Micro-CT-based screening of biomechanical and structural properties of bone tissue engineering scaffolds
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The development of successful scaffolds for bone tissue engineering requires a concurrent engineering approach that combines different research fields. In order to limit in vivo experiments and reduce trial and error research, a scaffold screening technique has been developed. In this protocol seven structural and three biomechanical properties of potential scaffold materials are quantified and compared to the desired values. The property assessment is done on computer models of the scaffolds, and these models are based on micro-CT images. As a proof of principle, three porous scaffolds were evaluated with this protocol: stainless steel, hydroxyapatite, and titanium. These examples demonstrate that the modelling technique is able to quantify important scaffold properties. Thus, a powerful technique for automated screening of bone tissue engineering scaffolds has been developed that in a later stage may be used to tailor the scaffold properties to specific requirements.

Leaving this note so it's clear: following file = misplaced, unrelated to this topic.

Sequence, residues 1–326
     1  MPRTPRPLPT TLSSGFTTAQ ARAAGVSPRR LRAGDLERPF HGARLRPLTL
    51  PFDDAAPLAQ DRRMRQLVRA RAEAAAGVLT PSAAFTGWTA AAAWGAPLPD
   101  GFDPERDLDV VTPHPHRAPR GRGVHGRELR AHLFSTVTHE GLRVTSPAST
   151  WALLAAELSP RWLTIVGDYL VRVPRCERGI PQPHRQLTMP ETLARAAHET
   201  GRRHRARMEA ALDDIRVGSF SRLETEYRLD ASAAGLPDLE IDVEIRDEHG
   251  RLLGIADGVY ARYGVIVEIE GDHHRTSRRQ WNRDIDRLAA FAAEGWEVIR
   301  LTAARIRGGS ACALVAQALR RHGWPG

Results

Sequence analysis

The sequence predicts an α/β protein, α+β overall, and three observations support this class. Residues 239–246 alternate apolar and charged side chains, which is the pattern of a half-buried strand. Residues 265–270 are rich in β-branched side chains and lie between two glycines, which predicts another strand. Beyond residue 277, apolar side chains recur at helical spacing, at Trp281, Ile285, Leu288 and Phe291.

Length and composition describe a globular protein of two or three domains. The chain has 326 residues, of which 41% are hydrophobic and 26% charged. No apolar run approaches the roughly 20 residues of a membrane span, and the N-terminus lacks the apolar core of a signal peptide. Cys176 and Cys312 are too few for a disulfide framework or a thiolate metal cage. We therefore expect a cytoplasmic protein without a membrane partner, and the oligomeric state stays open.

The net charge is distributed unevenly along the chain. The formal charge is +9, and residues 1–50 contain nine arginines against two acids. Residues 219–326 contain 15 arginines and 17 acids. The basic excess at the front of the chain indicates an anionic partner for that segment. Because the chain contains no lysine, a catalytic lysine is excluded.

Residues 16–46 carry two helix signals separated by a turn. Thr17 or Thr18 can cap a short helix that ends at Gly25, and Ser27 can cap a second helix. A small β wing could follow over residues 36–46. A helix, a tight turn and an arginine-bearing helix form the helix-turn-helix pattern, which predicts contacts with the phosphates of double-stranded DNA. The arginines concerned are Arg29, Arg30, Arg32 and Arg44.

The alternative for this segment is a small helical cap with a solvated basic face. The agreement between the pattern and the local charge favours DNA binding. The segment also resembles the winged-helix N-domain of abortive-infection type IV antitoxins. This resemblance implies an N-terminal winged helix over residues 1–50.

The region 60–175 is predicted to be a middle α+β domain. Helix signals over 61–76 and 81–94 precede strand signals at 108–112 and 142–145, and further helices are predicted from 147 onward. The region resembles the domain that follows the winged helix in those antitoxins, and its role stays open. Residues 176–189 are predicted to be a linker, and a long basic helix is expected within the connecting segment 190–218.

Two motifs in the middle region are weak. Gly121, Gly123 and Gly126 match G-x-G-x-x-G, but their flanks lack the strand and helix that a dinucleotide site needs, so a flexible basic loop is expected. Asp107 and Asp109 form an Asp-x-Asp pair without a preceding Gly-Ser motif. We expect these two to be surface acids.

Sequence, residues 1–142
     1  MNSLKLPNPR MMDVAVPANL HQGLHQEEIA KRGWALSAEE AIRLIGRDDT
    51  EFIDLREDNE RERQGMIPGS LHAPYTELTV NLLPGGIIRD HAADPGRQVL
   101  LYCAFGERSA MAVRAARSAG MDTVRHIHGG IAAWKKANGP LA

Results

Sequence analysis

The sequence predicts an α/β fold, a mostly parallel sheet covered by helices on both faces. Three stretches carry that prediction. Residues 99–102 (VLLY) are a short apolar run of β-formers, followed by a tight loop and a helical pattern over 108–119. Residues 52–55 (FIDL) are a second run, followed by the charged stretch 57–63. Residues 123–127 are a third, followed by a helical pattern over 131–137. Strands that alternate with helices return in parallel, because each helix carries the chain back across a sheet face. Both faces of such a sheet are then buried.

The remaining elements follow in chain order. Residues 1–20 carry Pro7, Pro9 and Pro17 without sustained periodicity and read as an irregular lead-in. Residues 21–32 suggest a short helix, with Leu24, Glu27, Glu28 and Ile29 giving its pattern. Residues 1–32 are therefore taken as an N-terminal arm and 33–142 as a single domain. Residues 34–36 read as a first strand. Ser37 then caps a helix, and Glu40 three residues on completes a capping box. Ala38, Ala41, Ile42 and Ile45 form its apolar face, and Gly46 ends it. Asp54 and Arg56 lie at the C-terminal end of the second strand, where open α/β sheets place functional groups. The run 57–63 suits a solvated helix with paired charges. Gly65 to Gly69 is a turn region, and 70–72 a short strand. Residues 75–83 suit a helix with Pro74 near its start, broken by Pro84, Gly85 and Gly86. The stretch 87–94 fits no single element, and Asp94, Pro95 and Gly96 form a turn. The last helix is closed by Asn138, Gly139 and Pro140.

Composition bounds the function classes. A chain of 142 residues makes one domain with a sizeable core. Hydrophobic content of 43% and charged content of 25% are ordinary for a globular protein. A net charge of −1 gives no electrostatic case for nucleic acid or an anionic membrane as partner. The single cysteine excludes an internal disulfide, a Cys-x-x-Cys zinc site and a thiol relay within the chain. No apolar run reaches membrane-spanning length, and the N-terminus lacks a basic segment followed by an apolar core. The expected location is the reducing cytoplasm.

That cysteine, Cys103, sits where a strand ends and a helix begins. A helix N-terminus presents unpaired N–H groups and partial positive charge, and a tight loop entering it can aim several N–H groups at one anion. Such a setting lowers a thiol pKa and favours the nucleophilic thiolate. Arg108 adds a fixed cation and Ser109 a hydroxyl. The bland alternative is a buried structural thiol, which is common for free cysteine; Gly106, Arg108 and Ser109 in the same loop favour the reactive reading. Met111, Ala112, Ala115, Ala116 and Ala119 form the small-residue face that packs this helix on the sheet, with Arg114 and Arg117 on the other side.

KeywordsBone tissue engineering Scaffold Morphology Microfocus computed tomography Biomechanics
This work is part of the Guided Bone Engineering (GBE) project, an interdisciplinary research project funded by The Institute for the Promotion of Innovation by Science and Technology in Flanders (IWT-Flanders) under the program for strategic basic research (GBOU-020181). The scientific GBE partners are the Department of Metallurgy and Materials Engineering, the Division of Biomechanics and Engineering Design and the Department of Rheumatology of the Katholieke Universiteit Leuven, the Polymer Materials Research Group of the Ghent University and VITO, the Flemish Institute for Technological Research. Major Flemish industrial actors also support this project. Hans Van Oosterwyck is a postdoctoral fellow of the Research Foundation-Flanders.
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